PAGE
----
Thursday, December 17, 2009

India Gets It Right

Can we? India recently announced that it is closing loopholes in its visa and admissions policies of American citizens in the wake of information that the terrorist David Headley was using a tourist visa to live long term in India. (h/t Dinah Lord

Aside from the fact that we allow aliens from terrorist sponoring states and religions (e.g. Islam) to use non-immigrant visas to come and go as they please, basically living in the U.S. on tourist or business visas, we allow the same for non-terrorists, overwhelmingly those from third world countries, like Mexico, and, of course, India. The B-1/B-2 non-immigrant visa for tourists and business, is routinely and consistantly abused by holders of those visas. The worst culprits are Mexicans, who use the B-1/B-2 visa and its near cousin, the Border Crossing Card, as a permit to come and go as they please while living in the U.S. Others, of course, do the same, and it is a quite common problem. Basically, those holding these tourist visas come to the U.S., stay six months, take a short trip outside the U.S. and return, staying another six months, ad infinitum. Common sense would tell us that that be prohibited, but the legacy INS and the current Customs and Border Protection, were never on the ball, hit and miss on the issue. India has found the solution, but to be implemented, the U.S. needs to adopt what India has that we don't. Departure control where departing passengers for foriegn destinations are inspected at departure. Not just fingerprinting of arriving aliens, but inspection and fingerprinting of departing aliens. CBP wants to outsource this job to contractors or the airlines to collect departure information, but it is a job that should be done by CBP officers, who have the authority to cancel visas at departure for overstaying of alloted admission dates and patterns of living in the U.S. on a non-immigrant visa.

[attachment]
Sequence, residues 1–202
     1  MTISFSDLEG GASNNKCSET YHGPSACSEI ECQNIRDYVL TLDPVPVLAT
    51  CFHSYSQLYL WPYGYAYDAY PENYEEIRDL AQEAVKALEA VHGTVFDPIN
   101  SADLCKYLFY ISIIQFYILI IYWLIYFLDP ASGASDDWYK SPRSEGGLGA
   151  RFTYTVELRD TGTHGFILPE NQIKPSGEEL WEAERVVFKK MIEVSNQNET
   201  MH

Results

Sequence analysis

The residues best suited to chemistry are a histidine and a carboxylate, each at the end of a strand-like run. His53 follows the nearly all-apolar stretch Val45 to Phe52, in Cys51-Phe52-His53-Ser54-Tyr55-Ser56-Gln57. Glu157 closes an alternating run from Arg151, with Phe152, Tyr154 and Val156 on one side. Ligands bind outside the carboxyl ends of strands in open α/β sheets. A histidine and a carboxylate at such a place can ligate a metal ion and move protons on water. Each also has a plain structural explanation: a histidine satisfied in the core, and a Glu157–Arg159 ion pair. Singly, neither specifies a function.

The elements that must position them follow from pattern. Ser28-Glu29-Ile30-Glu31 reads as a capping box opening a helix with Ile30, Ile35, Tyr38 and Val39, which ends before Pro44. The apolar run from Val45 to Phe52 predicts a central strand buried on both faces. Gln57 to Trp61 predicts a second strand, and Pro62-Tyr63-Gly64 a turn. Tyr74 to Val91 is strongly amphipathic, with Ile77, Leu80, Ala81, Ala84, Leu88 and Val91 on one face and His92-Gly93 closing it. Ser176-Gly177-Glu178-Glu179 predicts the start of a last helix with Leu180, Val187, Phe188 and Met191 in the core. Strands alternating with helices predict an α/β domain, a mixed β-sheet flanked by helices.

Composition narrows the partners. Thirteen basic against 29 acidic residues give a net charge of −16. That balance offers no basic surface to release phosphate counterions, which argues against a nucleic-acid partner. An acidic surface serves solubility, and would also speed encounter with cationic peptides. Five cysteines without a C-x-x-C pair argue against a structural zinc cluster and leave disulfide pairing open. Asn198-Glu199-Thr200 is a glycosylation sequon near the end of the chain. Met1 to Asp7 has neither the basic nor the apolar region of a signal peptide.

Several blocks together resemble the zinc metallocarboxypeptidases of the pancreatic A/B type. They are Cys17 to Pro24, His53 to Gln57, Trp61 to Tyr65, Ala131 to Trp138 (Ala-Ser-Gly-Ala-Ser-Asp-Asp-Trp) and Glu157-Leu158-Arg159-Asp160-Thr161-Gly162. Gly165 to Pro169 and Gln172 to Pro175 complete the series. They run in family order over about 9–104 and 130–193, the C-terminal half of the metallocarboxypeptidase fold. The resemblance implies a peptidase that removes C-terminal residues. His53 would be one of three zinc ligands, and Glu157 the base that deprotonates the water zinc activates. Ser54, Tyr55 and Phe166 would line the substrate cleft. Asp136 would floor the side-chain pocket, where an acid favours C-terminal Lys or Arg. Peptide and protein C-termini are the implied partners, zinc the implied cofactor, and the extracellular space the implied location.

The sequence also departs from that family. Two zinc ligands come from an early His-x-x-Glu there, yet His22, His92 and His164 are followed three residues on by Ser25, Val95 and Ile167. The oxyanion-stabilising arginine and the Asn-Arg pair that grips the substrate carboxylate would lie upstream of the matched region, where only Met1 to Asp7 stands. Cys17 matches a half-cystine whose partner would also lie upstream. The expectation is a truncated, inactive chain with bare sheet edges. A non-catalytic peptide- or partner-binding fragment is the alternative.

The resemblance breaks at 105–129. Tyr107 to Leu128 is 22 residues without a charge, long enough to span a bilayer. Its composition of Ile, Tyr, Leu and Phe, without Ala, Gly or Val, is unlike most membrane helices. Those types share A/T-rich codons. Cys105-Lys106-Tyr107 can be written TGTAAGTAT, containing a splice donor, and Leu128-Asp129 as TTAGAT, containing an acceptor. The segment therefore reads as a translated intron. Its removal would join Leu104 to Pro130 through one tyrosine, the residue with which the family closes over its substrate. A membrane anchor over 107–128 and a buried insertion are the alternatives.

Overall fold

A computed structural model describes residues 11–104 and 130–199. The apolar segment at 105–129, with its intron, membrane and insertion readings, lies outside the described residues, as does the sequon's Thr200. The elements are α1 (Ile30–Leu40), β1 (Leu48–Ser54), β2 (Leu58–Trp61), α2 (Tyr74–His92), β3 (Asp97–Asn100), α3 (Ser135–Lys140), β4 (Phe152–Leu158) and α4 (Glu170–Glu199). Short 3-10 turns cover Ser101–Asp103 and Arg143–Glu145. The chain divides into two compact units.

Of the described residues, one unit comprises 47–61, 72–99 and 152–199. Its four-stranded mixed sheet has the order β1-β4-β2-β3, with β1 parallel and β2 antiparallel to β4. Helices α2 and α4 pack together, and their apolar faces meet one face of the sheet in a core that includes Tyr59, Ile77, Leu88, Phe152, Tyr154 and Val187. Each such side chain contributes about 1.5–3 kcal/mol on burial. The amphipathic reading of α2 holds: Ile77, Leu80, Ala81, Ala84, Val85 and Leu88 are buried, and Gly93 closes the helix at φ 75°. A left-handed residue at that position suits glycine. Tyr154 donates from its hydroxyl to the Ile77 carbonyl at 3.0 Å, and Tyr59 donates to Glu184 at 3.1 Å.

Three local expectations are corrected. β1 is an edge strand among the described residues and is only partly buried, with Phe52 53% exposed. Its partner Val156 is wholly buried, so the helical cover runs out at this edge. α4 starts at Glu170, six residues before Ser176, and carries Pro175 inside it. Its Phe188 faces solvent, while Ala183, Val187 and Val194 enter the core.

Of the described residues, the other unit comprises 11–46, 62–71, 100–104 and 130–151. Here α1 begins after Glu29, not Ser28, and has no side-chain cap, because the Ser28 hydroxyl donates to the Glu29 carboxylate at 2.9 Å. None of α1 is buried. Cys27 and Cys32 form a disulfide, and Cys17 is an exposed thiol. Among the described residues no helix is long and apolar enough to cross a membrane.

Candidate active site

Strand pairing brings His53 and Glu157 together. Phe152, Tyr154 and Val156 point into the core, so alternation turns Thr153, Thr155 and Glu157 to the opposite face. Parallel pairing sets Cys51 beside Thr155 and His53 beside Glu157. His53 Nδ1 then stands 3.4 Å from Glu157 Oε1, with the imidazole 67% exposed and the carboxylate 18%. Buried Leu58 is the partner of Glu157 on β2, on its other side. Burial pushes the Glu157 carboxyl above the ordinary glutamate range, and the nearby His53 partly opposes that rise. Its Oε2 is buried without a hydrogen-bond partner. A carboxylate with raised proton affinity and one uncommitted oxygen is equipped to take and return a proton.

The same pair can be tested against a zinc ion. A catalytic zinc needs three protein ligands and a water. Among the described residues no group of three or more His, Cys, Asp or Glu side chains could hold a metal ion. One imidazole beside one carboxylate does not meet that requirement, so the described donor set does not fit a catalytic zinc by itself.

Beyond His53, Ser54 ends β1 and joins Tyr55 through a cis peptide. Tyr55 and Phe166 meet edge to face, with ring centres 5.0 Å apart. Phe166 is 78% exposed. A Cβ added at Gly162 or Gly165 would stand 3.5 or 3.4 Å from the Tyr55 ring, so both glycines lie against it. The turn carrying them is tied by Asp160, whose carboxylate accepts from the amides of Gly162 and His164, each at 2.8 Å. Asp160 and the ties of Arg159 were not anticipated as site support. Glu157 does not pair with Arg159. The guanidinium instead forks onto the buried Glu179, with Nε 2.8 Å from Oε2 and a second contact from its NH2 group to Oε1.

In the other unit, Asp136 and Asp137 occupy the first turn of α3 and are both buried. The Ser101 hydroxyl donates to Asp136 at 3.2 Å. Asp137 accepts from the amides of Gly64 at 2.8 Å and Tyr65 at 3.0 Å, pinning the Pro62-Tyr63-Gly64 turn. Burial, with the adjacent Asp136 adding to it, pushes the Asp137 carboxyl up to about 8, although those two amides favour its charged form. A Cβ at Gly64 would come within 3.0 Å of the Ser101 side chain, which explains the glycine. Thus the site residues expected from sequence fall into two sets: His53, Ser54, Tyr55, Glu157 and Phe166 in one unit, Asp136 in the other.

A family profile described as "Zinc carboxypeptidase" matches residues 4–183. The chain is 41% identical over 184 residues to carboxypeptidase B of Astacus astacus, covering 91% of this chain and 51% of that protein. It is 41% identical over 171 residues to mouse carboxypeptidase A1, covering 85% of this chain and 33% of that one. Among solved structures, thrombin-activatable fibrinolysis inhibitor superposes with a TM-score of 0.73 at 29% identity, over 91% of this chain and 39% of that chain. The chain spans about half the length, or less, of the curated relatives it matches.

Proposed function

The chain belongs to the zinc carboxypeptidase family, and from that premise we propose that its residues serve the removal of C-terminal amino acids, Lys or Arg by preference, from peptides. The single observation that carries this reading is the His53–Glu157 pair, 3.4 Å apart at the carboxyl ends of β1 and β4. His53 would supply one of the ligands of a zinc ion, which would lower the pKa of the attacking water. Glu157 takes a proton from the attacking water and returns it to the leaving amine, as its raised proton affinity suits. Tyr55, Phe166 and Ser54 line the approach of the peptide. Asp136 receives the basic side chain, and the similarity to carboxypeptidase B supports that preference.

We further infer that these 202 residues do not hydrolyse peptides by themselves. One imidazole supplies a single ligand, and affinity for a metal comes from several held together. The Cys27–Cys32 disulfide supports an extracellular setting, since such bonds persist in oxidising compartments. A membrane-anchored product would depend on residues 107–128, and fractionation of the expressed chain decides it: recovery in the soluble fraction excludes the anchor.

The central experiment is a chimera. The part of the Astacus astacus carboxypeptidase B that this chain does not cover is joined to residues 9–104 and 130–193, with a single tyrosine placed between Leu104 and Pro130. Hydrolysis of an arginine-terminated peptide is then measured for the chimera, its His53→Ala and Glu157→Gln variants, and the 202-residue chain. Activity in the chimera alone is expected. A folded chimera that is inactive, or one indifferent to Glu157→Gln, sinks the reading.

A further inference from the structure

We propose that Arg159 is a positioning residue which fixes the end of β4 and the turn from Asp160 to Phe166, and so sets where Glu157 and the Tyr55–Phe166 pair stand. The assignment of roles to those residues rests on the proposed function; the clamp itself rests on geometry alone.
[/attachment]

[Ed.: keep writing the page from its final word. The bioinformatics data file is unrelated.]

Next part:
It will require that airlines and airports create sterile federal inspection areas similar to what is now in place for arriving passengers from foreign countries, but that cost will be minimal for large airports like San Francisco, Los Angeles, and New York. They will just have to designate an international departure terminal for all airlines, rather than allowing airlines to depart from their own terminals. It will be more expensive for smaller airports like Denver, but it can easily and quickly be done.

And obviously, we need to restrict the use of the B-1/B-2 and Border Crossing Card to legitimate visitors and visits. Any long stay should then result in a prohibition or restriction for follow on visits. Just remember, no one gets 6 month vacations unless you are retired. Any normal visitor should be restricted to one month maximum in the U.S. and no more than one visit a year, unless a business visitor, who logically only come for a few days at a time. Add this to departure control and you have another effective tool in the fight against illegal immigration.

No comments: